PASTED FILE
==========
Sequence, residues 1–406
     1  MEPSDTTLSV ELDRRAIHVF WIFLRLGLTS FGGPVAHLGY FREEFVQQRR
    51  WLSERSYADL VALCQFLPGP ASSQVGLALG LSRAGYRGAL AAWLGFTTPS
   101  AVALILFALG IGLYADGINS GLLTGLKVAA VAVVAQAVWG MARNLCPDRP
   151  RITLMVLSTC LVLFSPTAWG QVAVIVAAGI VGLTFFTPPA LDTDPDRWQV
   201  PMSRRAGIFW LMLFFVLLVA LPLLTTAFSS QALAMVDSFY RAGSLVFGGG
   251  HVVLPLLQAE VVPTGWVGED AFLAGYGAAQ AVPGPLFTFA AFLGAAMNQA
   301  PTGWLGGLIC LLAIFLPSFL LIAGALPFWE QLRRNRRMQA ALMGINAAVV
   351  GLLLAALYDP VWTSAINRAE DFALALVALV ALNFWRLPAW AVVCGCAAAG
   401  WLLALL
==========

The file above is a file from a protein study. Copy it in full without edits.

Sequence, residues 1–406
     1  MEPSDTTLSV ELDRRAIHVF WIFLRLGLTS FGGPVAHLGY FREEFVQQRR
    51  WLSERSYADL VALCQFLPGP ASSQVGLALG LSRAGYRGAL AAWLGFTTPS
   101  AVALILFALG IGLYADGINS GLLTGLKVAA VAVVAQAVWG MARNLCPDRP
   151  RITLMVLSTC LVLFSPTAWG QVAVIVAAGI VGLTFFTPPA LDTDPDRWQV
   201  PMSRRAGIFW LMLFFVLLVA LPLLTTAFSS QALAMVDSFY RAGSLVFGGG
   251  HVVLPLLQAE VVPTGWVGED AFLAGYGAAQ AVPGPLFTFA AFLGAAMNQA
   301  PTGWLGGLIC LLAIFLPSFL LIAGALPFWE QLRRNRRMQA ALMGINAAVV
   351  GLLLAALYDP VWTSAINRAE DFALALVALV ALNFWRLPAW AVVCGCAAAG
   401  WLLALL